1941 Buick Super Convertible 694 Miles Chenanga Gray 248 cubic inch straight-8
Price: US $42,900.00 Item location: Local pick-up only
- Condition: Used
- Make: Buick
- Model: Super
- SubModel: Convertible
- Type: --
- Trim: Convertible
- Year: 1941
- Mileage: 694
- VIN: 13936270
- Color: Gray
- Engine size: 248 cubic inch straight-8
- Power options: --
- Fuel: Gasoline
- Transmission: Manual
- Drive type: Coupe
- Interior color: Red
- Options: --
- Vehicle Title: Clean Want to buy? Contact seller!
1941 Buick Super ConvertibleWonderful original survivor. 80% original paint, original interior, original top. Very nice chrome, recently and extensively serviced including brakes, fluids, shocks, and more. Runs and drives great, ready to tour this summer!
This Buick spent most of the last five decades in a museum before being purchased by the worldâ€™s leading expert on 1941 Buicks and comprehensively freshened for touring. Cosmetically, it carries unusual code 566 Chenanga Gray paint, which even I havenâ€™t seen in person before. The overall finish is very nicely preserved and we believe that most of the paint is original. There are a few areas that appear to have been touched up, including the right rear fender and left door, but nothing looks out of place. We gave it a deep buff and polish to bring up the shine on the vintage acrylic lacquer, and it does have that soft gloss that only time can create. Yes, there are a few thin spots, a few chips, but nothing major and it fits together extremely well overall, indicative of a car that has never suffered trauma. Itâ€™s also worth noting that the chrome and brightwork is in exceptionally good shape for being 80 years old, particularly the grille and other â€œpot metalâ€ bits, which show very little pitting. None of it is show quality, but it presents extremely well and anyone would be proud to drive this car on tours.
The interior appears to be original code 919 red leather and it, too, is in excellent condition. There are a few signs of use on the driverâ€™s seat, but there are not splits or tears in the hides. All the gauges are operational except the fuel gauge, which powers up but doesnâ€™t move making us suspect itâ€™s no more than a sending unit problemâ€”an easy fix. The radio powers up and hums, but does not tune and, of course, the clock is off-line. That also appears to be the original black canvas convertible top overhead, and itâ€™s obviously old and brittle, but not damaged or torn. We did not attempt to fold it for fear that we would damage it. For that same reason, we were also unable to test the power vacuum top mechanism, but itâ€™s so simple and easy to service that we wouldnâ€™t expect substantial issues there. A new owner might experiment a bit with the top and perhaps consider a replacement, although it would be a shame to lose the originality. It also includes a nicely trimmed trunk with correct burlap lining material plus an ancient Goodyear spare tire that almost looks like itâ€™s never been used.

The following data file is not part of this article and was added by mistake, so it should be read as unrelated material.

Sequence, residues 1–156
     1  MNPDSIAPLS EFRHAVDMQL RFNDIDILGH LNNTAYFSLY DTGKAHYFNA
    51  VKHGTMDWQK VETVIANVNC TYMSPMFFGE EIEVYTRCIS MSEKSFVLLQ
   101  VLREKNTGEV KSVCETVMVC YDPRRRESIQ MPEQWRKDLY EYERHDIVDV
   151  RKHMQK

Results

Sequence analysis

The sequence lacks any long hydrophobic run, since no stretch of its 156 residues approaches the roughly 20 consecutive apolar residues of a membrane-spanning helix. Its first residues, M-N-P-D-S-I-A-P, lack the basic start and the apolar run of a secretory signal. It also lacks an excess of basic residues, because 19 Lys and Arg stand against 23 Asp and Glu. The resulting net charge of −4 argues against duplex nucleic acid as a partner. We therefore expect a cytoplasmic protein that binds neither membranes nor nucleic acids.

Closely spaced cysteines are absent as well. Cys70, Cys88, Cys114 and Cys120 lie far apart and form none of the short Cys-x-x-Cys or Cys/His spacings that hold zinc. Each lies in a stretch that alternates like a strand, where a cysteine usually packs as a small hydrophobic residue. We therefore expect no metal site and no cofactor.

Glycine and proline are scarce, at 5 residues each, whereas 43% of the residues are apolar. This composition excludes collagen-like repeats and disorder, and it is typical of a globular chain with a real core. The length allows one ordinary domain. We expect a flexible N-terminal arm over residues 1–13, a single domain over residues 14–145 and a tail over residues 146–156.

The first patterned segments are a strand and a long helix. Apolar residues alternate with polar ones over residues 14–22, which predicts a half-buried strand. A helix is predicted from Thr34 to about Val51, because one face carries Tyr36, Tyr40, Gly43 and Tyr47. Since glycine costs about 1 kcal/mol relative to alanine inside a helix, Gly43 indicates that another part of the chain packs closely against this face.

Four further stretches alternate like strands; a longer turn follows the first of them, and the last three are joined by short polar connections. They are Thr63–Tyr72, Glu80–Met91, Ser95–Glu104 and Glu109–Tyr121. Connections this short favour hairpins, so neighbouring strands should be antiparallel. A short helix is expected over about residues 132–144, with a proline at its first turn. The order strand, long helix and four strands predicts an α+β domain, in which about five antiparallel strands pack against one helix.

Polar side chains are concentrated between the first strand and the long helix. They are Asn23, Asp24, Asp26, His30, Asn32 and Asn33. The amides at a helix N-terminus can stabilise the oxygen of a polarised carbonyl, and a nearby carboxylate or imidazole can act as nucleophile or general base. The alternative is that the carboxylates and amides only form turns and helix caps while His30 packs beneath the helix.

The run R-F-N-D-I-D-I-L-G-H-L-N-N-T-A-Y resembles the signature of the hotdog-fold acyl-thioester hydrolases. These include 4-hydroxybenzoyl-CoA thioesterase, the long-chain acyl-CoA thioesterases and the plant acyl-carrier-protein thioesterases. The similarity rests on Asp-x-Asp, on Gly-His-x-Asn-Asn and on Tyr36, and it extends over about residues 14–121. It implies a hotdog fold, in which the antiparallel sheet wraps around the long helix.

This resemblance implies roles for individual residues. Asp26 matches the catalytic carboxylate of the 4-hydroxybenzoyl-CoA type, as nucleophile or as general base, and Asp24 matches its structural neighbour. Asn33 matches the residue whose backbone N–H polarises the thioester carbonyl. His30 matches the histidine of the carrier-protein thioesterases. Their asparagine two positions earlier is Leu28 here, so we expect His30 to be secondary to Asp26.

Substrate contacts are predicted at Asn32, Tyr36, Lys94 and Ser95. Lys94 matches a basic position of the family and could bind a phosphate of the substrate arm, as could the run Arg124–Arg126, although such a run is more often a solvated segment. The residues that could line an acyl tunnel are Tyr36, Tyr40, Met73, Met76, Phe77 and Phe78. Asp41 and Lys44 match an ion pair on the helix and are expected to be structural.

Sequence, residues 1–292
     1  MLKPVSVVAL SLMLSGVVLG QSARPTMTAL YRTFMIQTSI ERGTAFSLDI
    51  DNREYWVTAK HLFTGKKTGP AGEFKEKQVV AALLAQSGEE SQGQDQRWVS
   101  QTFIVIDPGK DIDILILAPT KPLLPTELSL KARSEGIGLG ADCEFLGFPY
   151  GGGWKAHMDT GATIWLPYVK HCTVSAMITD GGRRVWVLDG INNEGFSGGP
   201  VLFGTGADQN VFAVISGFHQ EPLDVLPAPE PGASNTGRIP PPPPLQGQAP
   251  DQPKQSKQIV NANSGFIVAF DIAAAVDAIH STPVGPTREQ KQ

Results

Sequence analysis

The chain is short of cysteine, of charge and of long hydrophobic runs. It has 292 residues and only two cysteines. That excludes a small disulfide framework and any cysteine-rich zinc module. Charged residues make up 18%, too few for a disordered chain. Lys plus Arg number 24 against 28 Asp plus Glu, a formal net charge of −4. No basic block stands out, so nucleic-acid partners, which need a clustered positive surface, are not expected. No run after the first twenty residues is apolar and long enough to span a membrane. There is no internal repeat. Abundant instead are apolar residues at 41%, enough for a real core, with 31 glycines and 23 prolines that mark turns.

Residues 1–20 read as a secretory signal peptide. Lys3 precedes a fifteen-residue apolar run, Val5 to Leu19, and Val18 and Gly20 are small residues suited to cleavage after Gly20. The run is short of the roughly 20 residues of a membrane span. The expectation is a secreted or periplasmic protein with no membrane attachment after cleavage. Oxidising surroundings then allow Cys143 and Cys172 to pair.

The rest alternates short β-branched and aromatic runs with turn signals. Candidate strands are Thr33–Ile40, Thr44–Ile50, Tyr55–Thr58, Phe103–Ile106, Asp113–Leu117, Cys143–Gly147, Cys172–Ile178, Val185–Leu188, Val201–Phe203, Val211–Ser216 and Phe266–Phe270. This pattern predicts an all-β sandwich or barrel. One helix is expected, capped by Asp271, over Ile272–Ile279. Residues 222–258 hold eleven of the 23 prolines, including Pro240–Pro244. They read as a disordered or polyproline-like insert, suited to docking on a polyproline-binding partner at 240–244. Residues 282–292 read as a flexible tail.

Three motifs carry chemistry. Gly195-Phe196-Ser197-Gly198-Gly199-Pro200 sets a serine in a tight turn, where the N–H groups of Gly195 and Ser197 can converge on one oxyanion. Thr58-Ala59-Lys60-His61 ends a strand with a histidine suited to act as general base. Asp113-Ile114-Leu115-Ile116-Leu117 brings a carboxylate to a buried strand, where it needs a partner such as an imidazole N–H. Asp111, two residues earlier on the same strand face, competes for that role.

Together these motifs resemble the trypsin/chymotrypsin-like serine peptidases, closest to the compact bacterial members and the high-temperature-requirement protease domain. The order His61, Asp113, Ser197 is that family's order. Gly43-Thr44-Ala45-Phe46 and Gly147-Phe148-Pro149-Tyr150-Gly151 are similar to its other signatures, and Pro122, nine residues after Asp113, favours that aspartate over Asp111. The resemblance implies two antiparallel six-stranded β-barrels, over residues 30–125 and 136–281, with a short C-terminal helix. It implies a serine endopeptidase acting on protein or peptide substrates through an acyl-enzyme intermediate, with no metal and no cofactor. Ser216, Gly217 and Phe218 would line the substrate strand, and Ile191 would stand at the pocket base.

Buickâ€™s real claim to fame in 1941 was the most powerful range of engines on the market. The Super received a 248 cubic inch version of the â€œFireballâ€ overhead-valve straight-8 with Compound Carburetion. Making 125 horsepower, performance is energetic and thereâ€™s a smooth flow of torque at virtually any speed. There was lots of time and money invested under the hood, including a tune up, new belts and hoses, correct hose clamps, bright Dante Red engine enamel with reproduction decals, and other details to make it look bright and clean. Mechanically, weâ€™re thrilled with the way this Super runs and drivesâ€”it starts quickly using the accelerator pedal-mounted starting system, it idles smoothly, and it pulls the good-looking ragtop around without ever seeming to work very hard. It stays nice and cool and seems to have exactly zero bad habits on the road. Thereâ€™s a nice swell of acceleration when you dip into the second carburetor and itâ€™s content to cruise at 60 MPH without sounding too busy at all. Nice!
Underneath, itâ€™s clearly an original car. Thereâ€™s plenty of dirt and grunge and a bit of rust (floors and trunk are excellent), but nothing that keeps it from being a great car to drive. The 3-speed manual transmission has been serviced, clutch action is light and smooth, and it has the tightest shifter linkage Iâ€™ve experienced on a â€™41 Buick. The brakes have been completely rebuilt, including a new master cylinder, new wheel cylinders, new shoes, and new hoses, so braking is smooth and confident with a firm pedal. Harwood Motors serviced the shocks so it rides and handles beautifully, although the tires have likely celebrated their 50th birthday so theyâ€™re a little hard. Youâ€™ll note that the exhaust system is in good condition, the original engine pans are in place, and we suspect that this car might have high-speed 3.90 gears in it simply because it whistles along at 60 MPH with so little effort. Itâ€™s just a great road car.
This is not a perfect car, it is not a show car, but it is a fun, easy-to-drive, and very attractive car that does all the things you want an old car to do. The low-maintenance originality means you can use it regularly without fears about leaving it unattended or worrying about the weather. Just get in and drive the thing and itâ€™ll put a smile on your face every single time. With a set of new tires, it would be a spectacular tour car that would also be welcome at almost any show, and all the recent work means all you need to do is get in and enjoy. Call today!
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